To about cloud security in more detail, please contact us.
In many organizations, email is quite simply a mess. Sometimes, you might have loose policies where you can keep any email forever as long as there is storage space. In other cases, you might have arbitrary or necessary storage limits where you are responsible for deleting emails just to make room for more email. Either extreme is not healthy for a business or government organization.
You might say that keeping emails is understandable, for obvious reasons. If emails are needed for legal reasons or a city receives an open records request, it’s important that emails are accessible. As long as the email is somewhere, everything is fine. Right?
Actually, there’s much more to email archiving than just storing your emails in any old place. In this post, we offer up five reasons why you need to have business-class email archiving in place at your organization.
Your records management is extremely important when you are bound by law to produce emails. For businesses, you may need to produce emails as the result of following a contract, responding to a legal request, or complying with something like Sarbanes-Oxley. For government, you may need to respond to open records requests and correlate your archived email with record retention laws. You don’t want to be caught in a situation where you’re legally bound to produce an email and you are unable to do so. That failure could result in lawsuits and expensive fines.
To talk about email archiving in more detail, please contact us.
It takes a lot of effort to purchase software. But once it’s inside an organization, the vigilance and due diligence seems to stop. It’s a like a person who spends a lot of time shopping for clothes but neglects the clothes once they’re bought and hanging in a closet. Because software needs to support business functions, unused software becomes a bad investment that wastes your money. In fact, the technology industry has a term for unused software: “shelfware.”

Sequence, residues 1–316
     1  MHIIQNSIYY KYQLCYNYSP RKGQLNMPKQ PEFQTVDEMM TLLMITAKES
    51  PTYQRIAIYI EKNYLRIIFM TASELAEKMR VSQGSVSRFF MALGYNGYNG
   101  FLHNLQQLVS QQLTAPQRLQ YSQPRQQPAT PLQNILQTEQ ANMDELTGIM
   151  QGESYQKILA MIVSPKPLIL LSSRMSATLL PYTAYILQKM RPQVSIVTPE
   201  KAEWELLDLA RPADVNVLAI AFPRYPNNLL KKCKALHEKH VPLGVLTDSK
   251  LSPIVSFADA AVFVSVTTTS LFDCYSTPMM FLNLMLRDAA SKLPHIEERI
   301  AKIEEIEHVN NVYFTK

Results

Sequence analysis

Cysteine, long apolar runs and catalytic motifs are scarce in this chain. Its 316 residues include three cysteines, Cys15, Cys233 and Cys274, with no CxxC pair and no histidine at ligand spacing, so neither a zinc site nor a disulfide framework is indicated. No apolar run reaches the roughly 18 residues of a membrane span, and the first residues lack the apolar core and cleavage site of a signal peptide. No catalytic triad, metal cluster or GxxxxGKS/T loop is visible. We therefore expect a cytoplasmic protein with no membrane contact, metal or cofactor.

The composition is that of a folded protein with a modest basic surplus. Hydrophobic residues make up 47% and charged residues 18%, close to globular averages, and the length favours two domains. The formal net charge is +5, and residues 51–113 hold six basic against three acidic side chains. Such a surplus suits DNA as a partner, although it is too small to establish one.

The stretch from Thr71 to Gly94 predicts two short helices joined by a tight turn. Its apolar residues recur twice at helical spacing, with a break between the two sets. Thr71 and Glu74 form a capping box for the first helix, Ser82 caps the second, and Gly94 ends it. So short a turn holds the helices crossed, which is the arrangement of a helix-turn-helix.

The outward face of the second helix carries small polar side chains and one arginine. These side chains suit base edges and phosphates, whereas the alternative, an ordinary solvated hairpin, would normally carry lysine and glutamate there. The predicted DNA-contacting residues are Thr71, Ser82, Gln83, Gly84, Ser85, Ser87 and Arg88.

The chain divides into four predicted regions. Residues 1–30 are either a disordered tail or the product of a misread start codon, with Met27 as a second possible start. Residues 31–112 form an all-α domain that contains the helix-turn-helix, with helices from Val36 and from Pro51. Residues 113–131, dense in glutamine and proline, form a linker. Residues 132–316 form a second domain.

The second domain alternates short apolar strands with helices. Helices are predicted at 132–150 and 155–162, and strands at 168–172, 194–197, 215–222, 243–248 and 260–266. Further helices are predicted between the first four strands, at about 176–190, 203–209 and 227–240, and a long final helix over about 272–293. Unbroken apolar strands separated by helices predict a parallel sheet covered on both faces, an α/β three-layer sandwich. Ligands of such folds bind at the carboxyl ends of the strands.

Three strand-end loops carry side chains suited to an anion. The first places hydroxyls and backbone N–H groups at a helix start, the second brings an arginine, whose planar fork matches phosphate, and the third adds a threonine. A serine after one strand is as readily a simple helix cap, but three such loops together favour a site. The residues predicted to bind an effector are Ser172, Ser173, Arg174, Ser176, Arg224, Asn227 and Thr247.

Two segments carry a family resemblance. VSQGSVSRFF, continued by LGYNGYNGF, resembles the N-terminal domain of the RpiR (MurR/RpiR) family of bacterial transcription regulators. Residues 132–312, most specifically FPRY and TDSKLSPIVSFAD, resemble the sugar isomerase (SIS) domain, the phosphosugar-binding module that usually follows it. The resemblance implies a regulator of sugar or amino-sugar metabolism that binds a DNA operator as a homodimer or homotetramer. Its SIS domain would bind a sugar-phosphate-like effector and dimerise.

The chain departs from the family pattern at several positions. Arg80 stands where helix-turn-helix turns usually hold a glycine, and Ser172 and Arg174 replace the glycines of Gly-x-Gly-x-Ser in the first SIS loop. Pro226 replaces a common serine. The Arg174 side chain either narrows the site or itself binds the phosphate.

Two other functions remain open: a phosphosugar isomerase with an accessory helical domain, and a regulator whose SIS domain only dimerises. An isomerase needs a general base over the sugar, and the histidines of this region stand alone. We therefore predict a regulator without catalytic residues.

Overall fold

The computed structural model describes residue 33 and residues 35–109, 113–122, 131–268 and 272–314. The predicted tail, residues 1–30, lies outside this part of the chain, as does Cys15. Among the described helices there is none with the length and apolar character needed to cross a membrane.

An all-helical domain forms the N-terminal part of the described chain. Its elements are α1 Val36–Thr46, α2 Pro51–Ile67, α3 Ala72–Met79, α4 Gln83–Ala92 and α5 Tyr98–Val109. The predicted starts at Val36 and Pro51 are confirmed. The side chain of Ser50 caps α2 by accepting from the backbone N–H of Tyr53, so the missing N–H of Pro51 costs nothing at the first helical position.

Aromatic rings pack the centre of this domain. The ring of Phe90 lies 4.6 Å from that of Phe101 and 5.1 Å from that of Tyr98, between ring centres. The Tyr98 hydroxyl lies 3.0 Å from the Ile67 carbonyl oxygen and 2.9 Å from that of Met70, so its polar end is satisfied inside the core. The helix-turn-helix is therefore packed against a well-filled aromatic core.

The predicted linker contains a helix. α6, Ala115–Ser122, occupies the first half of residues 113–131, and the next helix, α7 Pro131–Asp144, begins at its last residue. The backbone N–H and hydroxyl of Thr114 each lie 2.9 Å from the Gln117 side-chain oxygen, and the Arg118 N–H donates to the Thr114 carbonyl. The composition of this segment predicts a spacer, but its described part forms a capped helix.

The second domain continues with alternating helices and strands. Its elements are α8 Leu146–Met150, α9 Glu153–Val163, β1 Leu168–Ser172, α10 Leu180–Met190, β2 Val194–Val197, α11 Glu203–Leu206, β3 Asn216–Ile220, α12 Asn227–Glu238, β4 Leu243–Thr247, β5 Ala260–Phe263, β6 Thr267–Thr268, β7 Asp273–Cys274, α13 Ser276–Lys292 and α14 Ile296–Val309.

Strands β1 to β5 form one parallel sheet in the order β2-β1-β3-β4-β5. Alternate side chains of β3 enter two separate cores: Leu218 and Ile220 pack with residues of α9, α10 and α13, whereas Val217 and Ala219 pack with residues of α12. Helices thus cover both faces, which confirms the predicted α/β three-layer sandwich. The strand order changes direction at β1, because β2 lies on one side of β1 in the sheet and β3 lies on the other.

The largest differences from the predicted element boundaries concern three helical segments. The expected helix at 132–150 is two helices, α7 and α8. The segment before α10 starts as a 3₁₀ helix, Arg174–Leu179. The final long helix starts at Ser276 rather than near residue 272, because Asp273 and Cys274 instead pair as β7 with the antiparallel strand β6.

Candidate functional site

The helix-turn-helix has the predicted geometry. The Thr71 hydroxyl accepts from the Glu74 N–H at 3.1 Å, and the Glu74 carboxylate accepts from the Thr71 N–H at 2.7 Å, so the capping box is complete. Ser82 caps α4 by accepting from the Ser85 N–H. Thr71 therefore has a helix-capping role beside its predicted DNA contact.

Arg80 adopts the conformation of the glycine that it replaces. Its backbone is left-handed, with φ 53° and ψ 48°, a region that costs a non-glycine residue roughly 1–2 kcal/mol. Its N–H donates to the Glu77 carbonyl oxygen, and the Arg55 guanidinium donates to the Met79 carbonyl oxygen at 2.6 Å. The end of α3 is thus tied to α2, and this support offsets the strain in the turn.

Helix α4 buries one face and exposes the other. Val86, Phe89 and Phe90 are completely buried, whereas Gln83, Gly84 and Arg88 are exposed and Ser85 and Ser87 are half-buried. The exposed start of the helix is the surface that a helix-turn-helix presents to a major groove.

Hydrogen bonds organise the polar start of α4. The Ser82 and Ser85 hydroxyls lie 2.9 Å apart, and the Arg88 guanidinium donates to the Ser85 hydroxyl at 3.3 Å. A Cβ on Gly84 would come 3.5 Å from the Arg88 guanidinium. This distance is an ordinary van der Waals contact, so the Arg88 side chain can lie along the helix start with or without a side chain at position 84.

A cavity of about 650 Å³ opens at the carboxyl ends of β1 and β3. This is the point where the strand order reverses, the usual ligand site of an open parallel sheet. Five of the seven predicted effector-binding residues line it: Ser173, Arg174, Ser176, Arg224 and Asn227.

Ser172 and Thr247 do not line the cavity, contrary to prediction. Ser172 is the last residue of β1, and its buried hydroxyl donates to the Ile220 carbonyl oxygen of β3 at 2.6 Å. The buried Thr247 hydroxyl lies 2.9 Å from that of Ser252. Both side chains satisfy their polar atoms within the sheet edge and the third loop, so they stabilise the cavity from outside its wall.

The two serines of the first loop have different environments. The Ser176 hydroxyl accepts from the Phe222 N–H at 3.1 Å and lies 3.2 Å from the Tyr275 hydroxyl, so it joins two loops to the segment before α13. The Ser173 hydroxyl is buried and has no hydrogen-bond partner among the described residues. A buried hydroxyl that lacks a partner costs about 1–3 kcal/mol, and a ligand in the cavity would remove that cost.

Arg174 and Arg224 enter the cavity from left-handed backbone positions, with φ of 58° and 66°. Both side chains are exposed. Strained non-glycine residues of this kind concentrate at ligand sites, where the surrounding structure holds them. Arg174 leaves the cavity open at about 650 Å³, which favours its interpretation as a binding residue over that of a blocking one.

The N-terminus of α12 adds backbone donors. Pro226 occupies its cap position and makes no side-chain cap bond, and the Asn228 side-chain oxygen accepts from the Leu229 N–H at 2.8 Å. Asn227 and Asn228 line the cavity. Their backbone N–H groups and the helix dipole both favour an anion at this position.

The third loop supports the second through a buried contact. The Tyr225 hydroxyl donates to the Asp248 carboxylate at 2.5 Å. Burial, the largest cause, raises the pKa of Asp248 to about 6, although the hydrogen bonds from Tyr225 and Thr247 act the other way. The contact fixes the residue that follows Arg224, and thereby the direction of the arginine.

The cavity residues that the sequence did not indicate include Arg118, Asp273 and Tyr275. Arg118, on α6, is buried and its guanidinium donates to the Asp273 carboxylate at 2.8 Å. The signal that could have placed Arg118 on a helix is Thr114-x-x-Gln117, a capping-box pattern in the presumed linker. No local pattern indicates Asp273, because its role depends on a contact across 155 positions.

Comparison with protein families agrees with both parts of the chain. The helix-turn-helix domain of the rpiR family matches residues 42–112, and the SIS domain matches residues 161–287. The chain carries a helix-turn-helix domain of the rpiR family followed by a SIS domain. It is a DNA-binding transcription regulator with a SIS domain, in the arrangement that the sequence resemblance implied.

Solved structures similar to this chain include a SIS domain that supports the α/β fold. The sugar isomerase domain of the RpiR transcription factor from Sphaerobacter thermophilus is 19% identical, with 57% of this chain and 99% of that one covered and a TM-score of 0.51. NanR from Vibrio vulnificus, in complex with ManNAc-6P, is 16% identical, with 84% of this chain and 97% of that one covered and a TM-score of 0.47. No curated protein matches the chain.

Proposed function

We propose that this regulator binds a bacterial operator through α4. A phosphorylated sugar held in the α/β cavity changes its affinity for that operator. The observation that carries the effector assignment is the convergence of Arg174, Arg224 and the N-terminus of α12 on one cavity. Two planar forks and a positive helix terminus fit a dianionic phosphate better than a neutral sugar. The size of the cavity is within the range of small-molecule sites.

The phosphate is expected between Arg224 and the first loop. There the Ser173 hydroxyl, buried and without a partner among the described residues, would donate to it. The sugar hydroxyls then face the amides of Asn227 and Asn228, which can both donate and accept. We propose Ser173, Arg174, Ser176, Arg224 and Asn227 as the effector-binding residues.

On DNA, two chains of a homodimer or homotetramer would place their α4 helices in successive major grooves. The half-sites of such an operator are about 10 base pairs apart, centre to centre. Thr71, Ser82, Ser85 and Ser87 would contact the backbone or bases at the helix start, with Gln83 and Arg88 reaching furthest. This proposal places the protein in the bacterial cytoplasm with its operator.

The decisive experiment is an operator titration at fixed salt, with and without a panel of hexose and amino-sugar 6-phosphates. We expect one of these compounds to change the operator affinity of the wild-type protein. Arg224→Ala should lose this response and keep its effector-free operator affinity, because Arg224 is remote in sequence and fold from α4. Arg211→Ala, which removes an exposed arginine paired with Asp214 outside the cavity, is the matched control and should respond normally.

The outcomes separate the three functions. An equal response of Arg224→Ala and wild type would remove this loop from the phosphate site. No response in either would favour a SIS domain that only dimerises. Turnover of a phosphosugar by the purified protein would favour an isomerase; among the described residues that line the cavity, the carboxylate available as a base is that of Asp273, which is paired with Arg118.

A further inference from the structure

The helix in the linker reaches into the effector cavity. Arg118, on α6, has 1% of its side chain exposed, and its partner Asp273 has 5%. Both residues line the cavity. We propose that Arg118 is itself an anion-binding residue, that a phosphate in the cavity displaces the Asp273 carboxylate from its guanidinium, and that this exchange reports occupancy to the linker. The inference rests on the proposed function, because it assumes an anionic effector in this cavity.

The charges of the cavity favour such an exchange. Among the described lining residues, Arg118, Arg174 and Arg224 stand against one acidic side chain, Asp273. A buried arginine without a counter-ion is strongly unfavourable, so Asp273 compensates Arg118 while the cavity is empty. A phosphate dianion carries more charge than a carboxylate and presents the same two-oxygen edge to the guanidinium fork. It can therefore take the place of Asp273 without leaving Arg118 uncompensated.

If you doubt the severity of this problem, consider the Internal Revenue Service. They wasted $11 million in unused mainframe software licenses. Other research confirms that a majority of organizations do not track software or know how much of it goes unused. While wrapping your head around your organization’s software can be intimidating, it’s a necessary step toward potentially saving you a lot of money.
Software grows like weeds, cropping up on computers everywhere throughout an organization and accruing over the years. Here are some tips to pin down and declutter your software with the goal of streamlining your budget.
Based on the data you collected in the first four steps, you now have the analysis needed to justify what you can cut, adapt, and save. For example, you might find that your GIS software is used heavily by five people but you bought 30 software licenses. In that case, you might consider switching to a cloud version where you pay by the user, and pay for only what you need. Or, you might revitalize the use of a particular piece of “shelfware” by training users, leveraging your support contract more, and creating policies that require use of the software in order to save you time and increase employee productivity.
To talk more about conducting a software inventory, please contact us.
Too often, many businesses and organizations have a data backup solution in place and assume it’s working. As long as it appears to back up your data in some form, you feel fine. But if you’ve had an unchallenged data backup process going on for even just a few years, you might want to ask some questions.
That’s because many data backup systems still fail to restore data when an emergency occurs. Assumptions...well, you know the saying. Too many businesses and organizations still assume their data backup is working when they have no clear idea of what’s being backed up, how it works, and even who is backing it up.
Answering the following five questions is essential for understanding if your data backup solution needs an overhaul or a serious upgrade.
This is also why it’s important to ask “Why?” Depending on the importance of particular data, you may want to back it up every hour, every day, or every week. We recommend at least every day for mission-critical or highly used data. For example, you might use an onsite server to capture hourly snapshots of financial or ecommerce data during the day. For all files (including non-essential documents), you might send a daily snapshot at the end of each day to the cloud. Having a regular schedule that is automated and enhanced by modern technology avoids issues of infrequent data backup (such as every week) or forgetting to back up data.